Yellow papaya has more vitamin A than pink varieties, according to research by Andrea Blas, a University of Hawaiʻi at Mānoa doctoral candidate in molecular biology.
Work on the molecular-genetic basis of color in papaya may help people in the developing world combat nutritional deficiencies, says Blas, who received the Gamma Sigma Delta PhD Student Oral Presentation Award of Merit at the spring 2008 College of Tropical Agriculture and Human Resources student research symposium and an Achievement Rewards for College Scientists grant.
Such genetic work will be easier, at least in SunUp papaya and hybrids, now that researchers have decoded SunUp’s genome.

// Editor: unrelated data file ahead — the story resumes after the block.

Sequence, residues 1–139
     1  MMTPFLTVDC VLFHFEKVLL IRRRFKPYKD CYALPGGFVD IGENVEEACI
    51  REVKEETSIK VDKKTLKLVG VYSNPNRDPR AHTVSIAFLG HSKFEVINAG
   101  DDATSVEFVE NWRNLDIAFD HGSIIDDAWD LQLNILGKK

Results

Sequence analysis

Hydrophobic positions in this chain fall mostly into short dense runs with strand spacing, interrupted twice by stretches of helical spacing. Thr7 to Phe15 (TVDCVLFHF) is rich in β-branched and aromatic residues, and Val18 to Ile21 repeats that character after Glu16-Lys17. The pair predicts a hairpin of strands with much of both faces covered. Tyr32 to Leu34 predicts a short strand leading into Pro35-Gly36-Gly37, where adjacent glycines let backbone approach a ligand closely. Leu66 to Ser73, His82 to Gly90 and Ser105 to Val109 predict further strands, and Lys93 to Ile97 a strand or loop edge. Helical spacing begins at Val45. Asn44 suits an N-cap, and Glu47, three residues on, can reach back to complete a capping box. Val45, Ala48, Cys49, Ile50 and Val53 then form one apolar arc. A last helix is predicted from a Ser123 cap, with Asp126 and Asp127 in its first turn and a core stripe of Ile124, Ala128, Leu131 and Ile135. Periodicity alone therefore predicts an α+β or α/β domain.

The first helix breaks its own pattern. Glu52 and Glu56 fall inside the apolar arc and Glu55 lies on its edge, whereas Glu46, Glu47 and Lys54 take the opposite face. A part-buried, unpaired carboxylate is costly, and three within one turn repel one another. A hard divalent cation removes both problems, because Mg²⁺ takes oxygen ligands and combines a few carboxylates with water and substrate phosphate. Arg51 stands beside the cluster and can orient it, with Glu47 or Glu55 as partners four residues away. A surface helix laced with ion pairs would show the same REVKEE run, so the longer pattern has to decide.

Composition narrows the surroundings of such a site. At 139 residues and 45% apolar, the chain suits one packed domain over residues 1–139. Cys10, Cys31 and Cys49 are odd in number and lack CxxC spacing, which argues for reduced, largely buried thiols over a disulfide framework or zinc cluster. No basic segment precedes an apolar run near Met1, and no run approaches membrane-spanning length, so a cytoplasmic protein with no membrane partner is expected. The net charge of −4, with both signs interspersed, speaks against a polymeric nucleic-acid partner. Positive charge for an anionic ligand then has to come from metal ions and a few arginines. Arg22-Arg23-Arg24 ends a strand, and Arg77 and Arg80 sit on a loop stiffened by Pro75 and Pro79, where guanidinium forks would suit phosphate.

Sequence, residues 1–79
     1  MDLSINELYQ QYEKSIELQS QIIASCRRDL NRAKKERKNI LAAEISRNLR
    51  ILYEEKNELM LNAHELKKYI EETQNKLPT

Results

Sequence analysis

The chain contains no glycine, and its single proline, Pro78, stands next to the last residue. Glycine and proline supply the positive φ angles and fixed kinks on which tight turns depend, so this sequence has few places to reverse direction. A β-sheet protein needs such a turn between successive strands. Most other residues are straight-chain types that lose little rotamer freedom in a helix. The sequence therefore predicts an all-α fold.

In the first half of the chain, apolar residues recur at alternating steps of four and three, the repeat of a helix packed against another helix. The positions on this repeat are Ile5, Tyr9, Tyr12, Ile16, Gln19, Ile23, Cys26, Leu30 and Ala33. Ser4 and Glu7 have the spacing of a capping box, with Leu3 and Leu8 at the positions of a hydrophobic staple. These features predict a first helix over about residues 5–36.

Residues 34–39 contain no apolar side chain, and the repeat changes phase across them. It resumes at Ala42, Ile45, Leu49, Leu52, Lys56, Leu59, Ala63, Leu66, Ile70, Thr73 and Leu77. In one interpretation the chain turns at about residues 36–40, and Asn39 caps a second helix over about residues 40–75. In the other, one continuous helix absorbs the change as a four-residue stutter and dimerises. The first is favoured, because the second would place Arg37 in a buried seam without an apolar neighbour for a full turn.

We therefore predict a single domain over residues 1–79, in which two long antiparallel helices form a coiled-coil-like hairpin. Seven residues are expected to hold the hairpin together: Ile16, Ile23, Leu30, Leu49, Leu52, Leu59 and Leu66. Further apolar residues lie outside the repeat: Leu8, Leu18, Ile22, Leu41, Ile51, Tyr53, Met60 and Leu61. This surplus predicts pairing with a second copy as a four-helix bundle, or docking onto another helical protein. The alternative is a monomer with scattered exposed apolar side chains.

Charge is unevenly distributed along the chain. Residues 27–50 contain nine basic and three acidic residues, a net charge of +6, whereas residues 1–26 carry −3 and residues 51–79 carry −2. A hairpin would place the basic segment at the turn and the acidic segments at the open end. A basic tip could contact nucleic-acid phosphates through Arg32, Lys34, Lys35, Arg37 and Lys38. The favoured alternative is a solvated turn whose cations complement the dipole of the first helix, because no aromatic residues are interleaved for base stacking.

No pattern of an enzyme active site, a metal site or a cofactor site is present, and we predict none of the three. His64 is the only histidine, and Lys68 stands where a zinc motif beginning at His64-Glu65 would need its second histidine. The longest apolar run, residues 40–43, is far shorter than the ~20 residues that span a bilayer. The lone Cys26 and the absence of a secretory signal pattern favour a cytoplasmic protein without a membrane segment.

An international consortium led by UH Mānoa’s Center for Advanced Studies in Genomics, Proteomics and Bioinformatics sequenced 90 percent of the disease-resistant fruit’s genetic code.
The information answers questions that have kept transgenic papaya out of the Japanese market as well as advancing research on the evolution of flowering plants and supporting future work on disease resistance and nutritional value in papaya.
The work was featured as the April 24, 2008, Nature cover story. Co-lead authors are UH Mānoa microbiologist Shaobin Hou and PhD alumnus Ray Ming, now a University of Illinois associate professor.